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Friday, July 29, 2011

A Plotting Primer – Creating One

You've decided to write your thriller. Now, out of the whirling mass of nothingness you have to create the lifeline for the book, the skeleton along which you will be packing the flesh of events, of characters, of description.

You need a plot.

No plot, no book.

How do you go about it?

Let's find out from a few different sources.

The Save the Cat! Man
 
First we turn to Blake Snyder, the Save the Cat! man we met earlier on.
Snyder says he has a Turn-rule for plots for screenplays, and its basis is:
The plot doesn't just move ahead, it spins and intensifies as it goes ... And the rule is: It's not enough for the plot to go forward, it must move forward faster, and with more complexity, to the climax ... More must be revealed along every step of the plot about your characters and what all this action means.
That's helpful – we know we will re-read his suggestion once we have worked out the plot. But his suggestion is about the speed of the plot, the plot's complexity. What about the other elements of a plot?

Help from a Snowflake

Perhaps you might wish to turn to the science of fractals for inspiration. Fractals are those wonderful pictures we get when mathematicians reduce their calculations to images. It seems that the closer you look at things, the more you spot the patterns of fractals that go to make them up.

Randy Ingermanson

One fractal is the snowflake one. And that concept of a series of steps making up – one by one by one – a whole inspired Randy Ingermanson to come up with his Snowflake Method of building the lifeline of a novel – how to plot the plot ...
Randy describes himself as a physicist, an author and "probably dangerously disturbed". He has authored six novels and one non-fiction book. He also publishes the world's largest electronic magazine on the craft of writing fiction – the free monthly Advanced Fiction Writing E-zine.
The Snowflake Method based on the Koch Snowflake fractal – see wikipedia for a gif which expands one step at a time to create a snowflake fractal.
Niels Fabian Helge von Koch was born in Sweden in 1870 and became a mathematician, giving his name to the Koch snowflake fractal, one of the earliest fractal  curves to be described.

The Snowflake Method's main recommendation is that it is a way to systematically add one layer on top of another, until the combined layers provide you with "deep snow" for a good working plot. Breaking the task into smaller segments is a tried-and-proven way of tackling many complex problems, so by all means look to the snowflakes for inspiration!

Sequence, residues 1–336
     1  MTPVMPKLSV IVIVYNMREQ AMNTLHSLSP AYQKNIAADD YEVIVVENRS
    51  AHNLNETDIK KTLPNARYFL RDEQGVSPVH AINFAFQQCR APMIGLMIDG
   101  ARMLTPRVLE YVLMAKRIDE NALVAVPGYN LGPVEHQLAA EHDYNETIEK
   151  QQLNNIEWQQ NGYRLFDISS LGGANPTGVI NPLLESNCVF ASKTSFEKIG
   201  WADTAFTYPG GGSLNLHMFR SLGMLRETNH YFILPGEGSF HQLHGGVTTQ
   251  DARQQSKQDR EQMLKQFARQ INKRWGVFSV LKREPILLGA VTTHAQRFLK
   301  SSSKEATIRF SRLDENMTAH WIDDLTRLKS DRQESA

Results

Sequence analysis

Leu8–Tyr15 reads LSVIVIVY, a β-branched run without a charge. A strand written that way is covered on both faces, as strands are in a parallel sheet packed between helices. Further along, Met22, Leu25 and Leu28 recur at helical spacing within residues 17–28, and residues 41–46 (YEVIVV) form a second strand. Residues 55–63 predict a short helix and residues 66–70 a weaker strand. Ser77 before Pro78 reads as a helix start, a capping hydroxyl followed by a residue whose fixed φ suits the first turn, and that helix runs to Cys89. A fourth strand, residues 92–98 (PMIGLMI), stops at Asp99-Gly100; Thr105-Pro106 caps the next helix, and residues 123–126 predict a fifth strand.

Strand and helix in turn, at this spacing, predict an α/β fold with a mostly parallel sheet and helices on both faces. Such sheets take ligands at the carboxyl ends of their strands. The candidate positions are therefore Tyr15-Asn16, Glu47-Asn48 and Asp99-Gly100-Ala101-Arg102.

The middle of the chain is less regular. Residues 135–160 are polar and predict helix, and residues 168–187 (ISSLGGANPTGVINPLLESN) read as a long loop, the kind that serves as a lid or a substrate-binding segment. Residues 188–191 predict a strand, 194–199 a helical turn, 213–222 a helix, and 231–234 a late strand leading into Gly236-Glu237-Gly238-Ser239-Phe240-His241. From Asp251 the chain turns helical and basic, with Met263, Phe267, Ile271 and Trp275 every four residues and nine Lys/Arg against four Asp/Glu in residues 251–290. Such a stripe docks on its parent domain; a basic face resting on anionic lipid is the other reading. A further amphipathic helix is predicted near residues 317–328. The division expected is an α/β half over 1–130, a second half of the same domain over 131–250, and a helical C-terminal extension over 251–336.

How does the Snowflake Method of building a plot work?

Here's a brief summary (you can find the detailed article on Randy's site).
A fractal

Randy believes that designing your novel's structure before you write it leads to a better result. The Snowflake Method works one step at a time, with each succeeding step adding more complexity and detail to the design. As Randy puts it:
I claim that that's how you design a novel -- you start small, then build stuff up until it looks like a story. Part of this is creative work, and I can't teach you how to do that. Not here, anyway. But part of the work is just managing your creativity -- getting it organized into a well-structured novel.
He breaks the Snowflake  Method into ten steps.

Step 1 is to take an hour to write a one-sentence summary of your novel – click here for my  earlier post on the logline or hook.

Step 2 is to take another hour and expand the sentence "into a full paragraph describing the story setup, major disasters, and ending of the novel." He uses the three disasters plus an ending structure for his novels. 

Step 3 requires another hour to write a one-page summary sheet for each character, describing them in detail (that's one hour per character). Details needed are character's storyline (click here for a discussion of the arc of a character), motivation, goal, conflict, epiphany (what they learn), and storyline.

Step 4 needs you to spend several hours expanding each sentence of your summary paragraph into a full paragraph. According to Randy:
All but the last paragraph should end in a disaster. The final paragraph should tell how the book ends.
The result is a one-page skeleton of your story.

Step 5 takes one or two days. You write a one-page description of each major character and half a page for the minors.

In Step 6 you spend a week  expanding the one-page plot synopsis into a four-page synopsis – the product of Step 4 goes from paragraph to full page.

Another week is needed for Step 7, to expand your characters with lots more detail about each one, emphasizing how each one changes by the end of the novel. The week could expand into a month – you will know when you are finished. You are now ready to write a proposal for your novel and to send it out to agents/publishers.